Superannuation reform changes
1. Effective Budget Night – 7.30pm (AEST) 3 May 2016
1.1 New lifetime cap for non-concessional superannuation contributions
The government will introduce a $500,000 lifetime non-concessional contributions cap.
The lifetime cap will take into account all non-concessional contributions made on or after 1 July 2007 (i.e., from the 2008 income year) and will be indexed in $50,000 increments in line with average weekly ordinary times earnings.
If an individual has exceeded the cap prior to commencement date (being 7.30 pm (AEST) on 3 May 2016 (i.e., Budget night)), they will be taken to have used up their lifetime cap but will not be required to take the exc.cess out of the superannuation system
It is important to be aware that the lifetime non-concessional contributions cap will replace the existing non-concessional contributions cap, which allow non-concessional contributions of up to $180,000 per year (or $540,000 every three years for individuals aged under 65). Note that, similar changes are proposed to apply to contributions into defined benefit accounts and constitutionally protected funds.
2. Changes effective from 1 July 2017 (i.e., effective from the 2018 income year)
2.1 Allow catch-up concessional superannuation contributions
From 1 July 2017, the government will allow individuals with a superannuation balance of less than $500,000 to make additional concessional contributions where they have not reached their concessional contributions cap in previous years.
2.2 Taxing earnings on assets supporting a Transition to Retirement Income Stream From 1 July 2017, the government will remove the tax exemption on earnings of assets supporting Transition to Retirement Income Streams (‘TRIS’), being income streams of individuals over preservation age but not retired.
2.3 Introduction of a $1.6 million ‘superannuation transfer balance cap’
From 1 July 2017, the government will introduce a $1.6 million ‘superannuation transfer balance cap’ on the total amount of accumulated superannuation an individual can transfer into pension phase.
2.4 Reducing the concessional contributions cap
From 1 July 2017, the government will lower the annual cap on concessional superannuation contributions to $25,000.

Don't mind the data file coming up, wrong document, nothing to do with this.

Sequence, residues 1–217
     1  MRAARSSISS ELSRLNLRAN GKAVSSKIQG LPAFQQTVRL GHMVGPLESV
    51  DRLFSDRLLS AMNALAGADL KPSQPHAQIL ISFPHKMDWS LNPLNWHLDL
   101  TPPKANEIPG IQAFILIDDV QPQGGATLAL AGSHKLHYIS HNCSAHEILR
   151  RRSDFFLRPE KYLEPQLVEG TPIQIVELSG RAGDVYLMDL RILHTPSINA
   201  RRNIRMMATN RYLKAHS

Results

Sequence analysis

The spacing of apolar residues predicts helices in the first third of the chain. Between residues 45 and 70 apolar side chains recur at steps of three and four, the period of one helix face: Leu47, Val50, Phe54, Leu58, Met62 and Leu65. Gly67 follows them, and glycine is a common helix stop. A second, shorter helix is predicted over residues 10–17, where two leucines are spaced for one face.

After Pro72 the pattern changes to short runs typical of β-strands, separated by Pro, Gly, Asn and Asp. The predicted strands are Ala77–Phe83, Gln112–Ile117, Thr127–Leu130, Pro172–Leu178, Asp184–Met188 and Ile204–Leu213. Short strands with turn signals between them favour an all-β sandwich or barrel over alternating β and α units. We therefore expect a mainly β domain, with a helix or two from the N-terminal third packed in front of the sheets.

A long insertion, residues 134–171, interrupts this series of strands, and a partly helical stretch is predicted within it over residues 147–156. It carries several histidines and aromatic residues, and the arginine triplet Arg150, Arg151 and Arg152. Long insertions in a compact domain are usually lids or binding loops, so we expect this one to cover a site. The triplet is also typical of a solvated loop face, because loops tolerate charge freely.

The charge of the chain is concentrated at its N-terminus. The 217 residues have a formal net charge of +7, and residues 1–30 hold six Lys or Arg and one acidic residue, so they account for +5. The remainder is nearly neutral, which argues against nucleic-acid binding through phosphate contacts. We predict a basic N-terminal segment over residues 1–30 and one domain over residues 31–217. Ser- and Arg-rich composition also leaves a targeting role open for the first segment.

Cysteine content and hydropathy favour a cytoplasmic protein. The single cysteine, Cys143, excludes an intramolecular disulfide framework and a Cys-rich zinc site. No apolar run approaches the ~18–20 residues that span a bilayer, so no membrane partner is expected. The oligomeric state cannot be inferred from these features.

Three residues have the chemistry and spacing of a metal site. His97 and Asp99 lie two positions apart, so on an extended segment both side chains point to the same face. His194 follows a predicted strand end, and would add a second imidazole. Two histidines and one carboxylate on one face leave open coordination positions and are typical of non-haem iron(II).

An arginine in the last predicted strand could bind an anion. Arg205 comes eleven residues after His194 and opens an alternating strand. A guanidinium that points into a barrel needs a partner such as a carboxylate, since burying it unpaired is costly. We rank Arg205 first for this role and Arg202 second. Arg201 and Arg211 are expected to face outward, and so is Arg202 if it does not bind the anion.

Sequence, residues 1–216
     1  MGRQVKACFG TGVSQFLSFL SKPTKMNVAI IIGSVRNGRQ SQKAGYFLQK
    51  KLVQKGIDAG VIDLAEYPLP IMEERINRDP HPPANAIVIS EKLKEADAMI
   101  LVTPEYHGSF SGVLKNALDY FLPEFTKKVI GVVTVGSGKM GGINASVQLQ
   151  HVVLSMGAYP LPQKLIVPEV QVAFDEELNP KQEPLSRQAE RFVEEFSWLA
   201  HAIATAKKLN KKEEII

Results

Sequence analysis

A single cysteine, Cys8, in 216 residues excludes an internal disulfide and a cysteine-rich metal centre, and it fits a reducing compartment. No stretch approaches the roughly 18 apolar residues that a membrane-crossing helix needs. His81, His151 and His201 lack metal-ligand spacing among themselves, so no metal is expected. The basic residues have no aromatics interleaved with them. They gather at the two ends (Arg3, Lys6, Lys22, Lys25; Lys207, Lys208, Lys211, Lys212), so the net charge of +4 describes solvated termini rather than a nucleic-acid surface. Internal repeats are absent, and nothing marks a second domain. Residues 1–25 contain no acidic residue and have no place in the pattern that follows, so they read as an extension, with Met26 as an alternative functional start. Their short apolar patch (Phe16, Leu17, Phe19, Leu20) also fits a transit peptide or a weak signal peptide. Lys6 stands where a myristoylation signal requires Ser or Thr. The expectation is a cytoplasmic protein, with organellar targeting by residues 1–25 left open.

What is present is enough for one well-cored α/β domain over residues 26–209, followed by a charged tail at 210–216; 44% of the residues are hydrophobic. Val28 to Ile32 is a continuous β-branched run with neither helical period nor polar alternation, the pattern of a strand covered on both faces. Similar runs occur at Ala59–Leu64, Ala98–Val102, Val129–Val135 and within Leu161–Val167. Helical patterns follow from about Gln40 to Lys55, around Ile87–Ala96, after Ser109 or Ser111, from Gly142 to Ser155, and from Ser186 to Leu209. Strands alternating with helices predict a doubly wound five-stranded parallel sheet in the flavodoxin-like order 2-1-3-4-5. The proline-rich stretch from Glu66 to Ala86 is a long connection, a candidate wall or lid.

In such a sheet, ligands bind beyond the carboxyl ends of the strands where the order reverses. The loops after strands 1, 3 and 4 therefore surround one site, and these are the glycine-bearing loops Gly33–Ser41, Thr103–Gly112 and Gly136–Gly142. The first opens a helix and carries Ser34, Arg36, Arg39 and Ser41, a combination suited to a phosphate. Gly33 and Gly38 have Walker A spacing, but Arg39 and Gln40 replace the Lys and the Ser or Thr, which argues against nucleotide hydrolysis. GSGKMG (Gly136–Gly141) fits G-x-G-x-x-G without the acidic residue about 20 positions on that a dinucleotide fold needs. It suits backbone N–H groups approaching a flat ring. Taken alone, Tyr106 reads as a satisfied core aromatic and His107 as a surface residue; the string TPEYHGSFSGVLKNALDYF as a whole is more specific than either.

2.5 Changes to the contribution rules for those aged 65 to 74
From 1 July 2017, the government will remove the current restrictions on people aged 65 to 74 from making superannuation contributions for their retirement. Specifically, the government will remove the requirement that an individual aged 65 to 74 must meet the ‘work test’ before making voluntary or nonconcessional contributions to superannuation.
2.6 Tax deductions for personal superannuation contributions
From 1 July 2017, the government will change the law to allow all individuals under age 75 to claim an income tax deduction for personal superannuation contributions. Individuals who are, for example, partially self-employed and partially wage and salary earners, and individuals whose employers do not offer salary sacrifice arrangements will benefit from the proposed changes.
2.7 Changes to the ‘high income contribution rules’ (Division 293)
From 1 July 2017, the government will lower the Division 293 threshold (i.e., the point at which high income earners pay additional contributions tax of 15%) from $300,000 to $250,000.
2.8 Removal of the anti-detriment provision in respect of death benefits
From 1 July 2017, the government will remove the anti-detriment (deduction) provision. Briefly, the anti-detriment provision allows the spouse (or former spouse) and/or children of a deceased fund member to effectively obtain a refund of all contributions tax paid by the deceased member during their lifetime.
2.9 Removing election to treat pension payments as lump-sum payments
The government will remove the rule that allows individuals to treat certain superannuation pension payments as lump-sums for tax purposes (which currently makes them tax-free up to the low rate cap of $195,000).
Currently, an individual drawing down an account-based pension from their superannuation fund can generally make an election, under special income tax rules, for a benefit withdrawal not to be treated as a pension benefit. If such an election is made, the benefit withdrawal is treated (and taxed) as a lump sum benefit instead.
2.10 Improve superannuation balances of low income spouses
From 1 July 2017, the government will increase access to the low income spouse superannuation tax offset by raising the income threshold for the low income spouse to $37,000 (from $10,800). The offset is gradually reduced for income above this level and completely phases out at income above $40,000.
2.11 Introducing a Low Income Superannuation Tax Offset (LISTO)
From 1 July 2017, the government will introduce a Low Income Superannuation Tax Offset (‘LISTO’) to reduce tax on superannuation contributions for low income earners. The LISTO will provide a non-refundable tax offset to superannuation funds, based on the tax paid on concessional contributions made on behalf of low income earners, up to a cap of $500. The LISTO will apply to members with adjusted taxable income of up to $37,000 that have had a concessional contribution made on their behalf.